Category Archives: jhap

Rawls on Kantian Constructivism

Volume 4.8 of the Journal for the History of Analytical Philosophy (JHAP) is now online. It features an article entitled “Rawls on Kantian Constructivism”, by Nathaniel Jezzi. Here is an abstract:

John Rawls’s 1980 Dewey Lectures are widely acknowledged to represent the locus classicus for contemporary discussions of moral constructivism. Nevertheless, few published works have engaged with the significant interpretive challenges one finds in these lectures, and those that have fail to offer a satisfactory reading of the view that Rawls presents there or the place the lectures occupy in the development of Rawls’s thinking. Indeed, there is a surprising lack of consensus about how best to interpret the constructivism of these lectures. In this paper, I argue that the constructivism presented in the Dewey Lectures is best understood as involving the view that moral truth is correspondence with procedurally-determined, stance-dependent facts. Employing Rawls’s discussion of rational intuitionism as a foil, I defend this reading against textual discrepancies from within the lectures, as well as those one finds across Rawls’s other works. In addition to settling interpretive disputes, I draw out the ways in which this understanding of Kantian constructivism fits within the broader comparative project in ‘moral theory’ that Rawls inherits from Sidgwick.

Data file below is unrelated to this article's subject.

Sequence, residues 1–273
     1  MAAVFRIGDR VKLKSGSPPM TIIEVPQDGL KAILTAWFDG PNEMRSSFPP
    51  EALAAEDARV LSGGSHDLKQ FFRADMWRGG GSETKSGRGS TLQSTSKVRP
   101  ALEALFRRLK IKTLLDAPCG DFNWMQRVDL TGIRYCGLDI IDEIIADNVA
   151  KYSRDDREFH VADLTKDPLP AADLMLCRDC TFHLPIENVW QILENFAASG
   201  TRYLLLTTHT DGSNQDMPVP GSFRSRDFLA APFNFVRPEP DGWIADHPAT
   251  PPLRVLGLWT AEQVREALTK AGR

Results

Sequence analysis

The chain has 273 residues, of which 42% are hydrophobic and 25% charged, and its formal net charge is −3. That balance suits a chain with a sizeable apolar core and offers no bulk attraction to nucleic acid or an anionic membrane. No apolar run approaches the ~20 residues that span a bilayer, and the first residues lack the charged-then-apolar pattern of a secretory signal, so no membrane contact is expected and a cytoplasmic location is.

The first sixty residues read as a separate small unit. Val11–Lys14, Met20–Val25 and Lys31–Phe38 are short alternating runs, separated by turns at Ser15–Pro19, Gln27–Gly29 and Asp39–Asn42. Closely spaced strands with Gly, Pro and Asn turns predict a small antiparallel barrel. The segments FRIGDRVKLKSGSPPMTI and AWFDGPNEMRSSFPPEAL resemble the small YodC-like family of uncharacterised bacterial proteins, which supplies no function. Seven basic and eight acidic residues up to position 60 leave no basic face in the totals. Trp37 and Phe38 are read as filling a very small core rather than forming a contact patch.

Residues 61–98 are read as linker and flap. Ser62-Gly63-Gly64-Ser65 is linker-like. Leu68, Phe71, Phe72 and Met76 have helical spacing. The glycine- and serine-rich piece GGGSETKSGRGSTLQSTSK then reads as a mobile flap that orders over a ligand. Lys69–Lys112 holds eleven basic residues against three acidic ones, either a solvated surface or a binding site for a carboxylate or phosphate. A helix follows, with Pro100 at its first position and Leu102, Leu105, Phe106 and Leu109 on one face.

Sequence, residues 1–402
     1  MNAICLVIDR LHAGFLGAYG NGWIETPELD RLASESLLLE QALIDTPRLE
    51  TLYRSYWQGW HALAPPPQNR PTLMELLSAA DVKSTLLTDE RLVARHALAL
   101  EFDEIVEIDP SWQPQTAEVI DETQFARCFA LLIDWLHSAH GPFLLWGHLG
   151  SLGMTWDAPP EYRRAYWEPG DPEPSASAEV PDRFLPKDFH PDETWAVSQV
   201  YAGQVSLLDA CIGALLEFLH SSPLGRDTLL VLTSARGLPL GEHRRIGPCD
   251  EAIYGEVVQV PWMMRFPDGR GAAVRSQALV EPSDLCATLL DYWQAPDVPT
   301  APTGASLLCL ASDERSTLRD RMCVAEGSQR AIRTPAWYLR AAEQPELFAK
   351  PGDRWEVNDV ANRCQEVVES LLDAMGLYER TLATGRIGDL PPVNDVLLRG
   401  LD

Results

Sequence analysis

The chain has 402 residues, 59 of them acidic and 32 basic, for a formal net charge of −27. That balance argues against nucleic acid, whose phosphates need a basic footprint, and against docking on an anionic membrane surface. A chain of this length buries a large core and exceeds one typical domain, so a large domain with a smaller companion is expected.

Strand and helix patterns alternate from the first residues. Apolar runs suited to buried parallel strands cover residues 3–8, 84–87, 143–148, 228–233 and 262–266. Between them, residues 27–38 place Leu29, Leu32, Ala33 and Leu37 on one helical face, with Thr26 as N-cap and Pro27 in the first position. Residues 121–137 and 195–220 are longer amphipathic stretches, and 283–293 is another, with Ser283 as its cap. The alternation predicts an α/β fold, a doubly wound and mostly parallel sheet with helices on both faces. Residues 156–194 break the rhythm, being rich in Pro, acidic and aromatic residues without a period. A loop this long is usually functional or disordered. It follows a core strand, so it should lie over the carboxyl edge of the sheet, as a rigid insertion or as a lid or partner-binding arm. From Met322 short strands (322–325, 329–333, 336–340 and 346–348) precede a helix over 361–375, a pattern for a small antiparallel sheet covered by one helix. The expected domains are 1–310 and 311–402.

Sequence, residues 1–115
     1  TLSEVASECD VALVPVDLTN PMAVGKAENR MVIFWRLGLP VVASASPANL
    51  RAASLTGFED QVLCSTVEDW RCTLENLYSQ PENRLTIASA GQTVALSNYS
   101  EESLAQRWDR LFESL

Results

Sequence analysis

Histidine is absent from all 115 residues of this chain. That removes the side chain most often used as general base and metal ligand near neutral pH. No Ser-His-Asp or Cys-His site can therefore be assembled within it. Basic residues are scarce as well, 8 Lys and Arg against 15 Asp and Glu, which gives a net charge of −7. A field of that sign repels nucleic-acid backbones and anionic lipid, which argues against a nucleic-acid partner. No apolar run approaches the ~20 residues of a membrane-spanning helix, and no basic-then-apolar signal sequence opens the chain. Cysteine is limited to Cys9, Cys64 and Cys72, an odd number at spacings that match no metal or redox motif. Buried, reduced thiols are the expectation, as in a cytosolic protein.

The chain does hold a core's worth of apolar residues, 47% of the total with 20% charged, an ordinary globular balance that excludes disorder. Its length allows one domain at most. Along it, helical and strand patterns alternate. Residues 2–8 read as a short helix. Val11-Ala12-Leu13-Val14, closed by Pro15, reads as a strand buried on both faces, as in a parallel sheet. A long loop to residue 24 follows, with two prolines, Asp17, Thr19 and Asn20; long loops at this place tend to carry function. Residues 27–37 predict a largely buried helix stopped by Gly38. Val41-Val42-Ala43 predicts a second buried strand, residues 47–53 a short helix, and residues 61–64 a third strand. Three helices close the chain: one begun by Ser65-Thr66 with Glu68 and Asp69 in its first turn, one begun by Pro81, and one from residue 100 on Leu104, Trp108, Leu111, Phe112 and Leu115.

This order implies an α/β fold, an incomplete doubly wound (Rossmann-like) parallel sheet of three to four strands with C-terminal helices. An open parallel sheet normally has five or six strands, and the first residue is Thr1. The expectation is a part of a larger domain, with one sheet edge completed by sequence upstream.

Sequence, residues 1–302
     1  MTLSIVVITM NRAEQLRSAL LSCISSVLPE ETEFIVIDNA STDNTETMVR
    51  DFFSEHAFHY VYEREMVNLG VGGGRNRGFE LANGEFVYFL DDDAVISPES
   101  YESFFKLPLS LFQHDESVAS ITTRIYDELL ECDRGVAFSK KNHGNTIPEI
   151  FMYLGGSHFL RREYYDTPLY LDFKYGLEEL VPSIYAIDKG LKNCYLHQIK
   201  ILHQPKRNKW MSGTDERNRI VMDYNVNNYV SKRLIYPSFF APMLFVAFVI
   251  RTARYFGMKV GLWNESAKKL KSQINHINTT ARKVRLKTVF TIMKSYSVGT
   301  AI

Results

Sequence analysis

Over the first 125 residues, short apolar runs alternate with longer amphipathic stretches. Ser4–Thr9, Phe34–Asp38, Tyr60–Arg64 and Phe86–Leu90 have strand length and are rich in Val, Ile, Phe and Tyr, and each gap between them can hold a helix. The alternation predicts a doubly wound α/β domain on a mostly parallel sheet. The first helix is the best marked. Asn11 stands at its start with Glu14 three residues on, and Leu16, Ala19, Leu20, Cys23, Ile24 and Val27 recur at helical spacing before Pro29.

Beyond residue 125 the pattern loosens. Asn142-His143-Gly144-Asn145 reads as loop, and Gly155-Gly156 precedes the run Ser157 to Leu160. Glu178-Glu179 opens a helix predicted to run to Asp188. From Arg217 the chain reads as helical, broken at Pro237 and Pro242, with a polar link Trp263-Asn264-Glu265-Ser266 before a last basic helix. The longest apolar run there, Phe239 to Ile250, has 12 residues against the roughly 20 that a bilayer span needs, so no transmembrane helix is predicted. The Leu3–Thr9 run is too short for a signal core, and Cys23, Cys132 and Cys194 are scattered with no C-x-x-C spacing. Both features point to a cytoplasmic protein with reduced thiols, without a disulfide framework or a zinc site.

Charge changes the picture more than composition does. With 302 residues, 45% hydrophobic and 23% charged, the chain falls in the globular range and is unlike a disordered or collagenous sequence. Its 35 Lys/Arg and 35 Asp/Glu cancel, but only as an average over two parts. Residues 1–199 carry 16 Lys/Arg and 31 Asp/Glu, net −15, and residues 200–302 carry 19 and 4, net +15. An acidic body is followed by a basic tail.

The volume also features a review of Erich Reck., ed. The Historical Turn in Analytic Philosophy, by Sean Morris.

JHAP is available at: https://jhaponline.org. Submissions welcome.

The Substance Argument of Wittgenstein’s Tractatus

Volume 4.7 of The Journal for the History of Analytical Philosophy (JHAP) has now been published.

It features an article by Michael Morris entitled “The Substance Argument of Wittgenstein’s Tractatus”. Here is an abstract:

In Morris (2008) I presented in outline a new interpretation of the famous ‘substance argument’ in Wittgenstein’s Tractatus (Wittgenstein 1922). The account I presented there gave a distinctive view of Wittgenstein’s main concerns in the argument, but did not explain in detail how the argument works: how its steps are to be found in the text, and how it concludes. I remain convinced that the interpretation I proposed correctly identifies the main concerns which lie behind the argument. I return to the argument here in order to elaborate in fuller detail the relation between those concerns and the actual course of the text.

JHAP is available at https://jhaponline.org. Submissions welcome!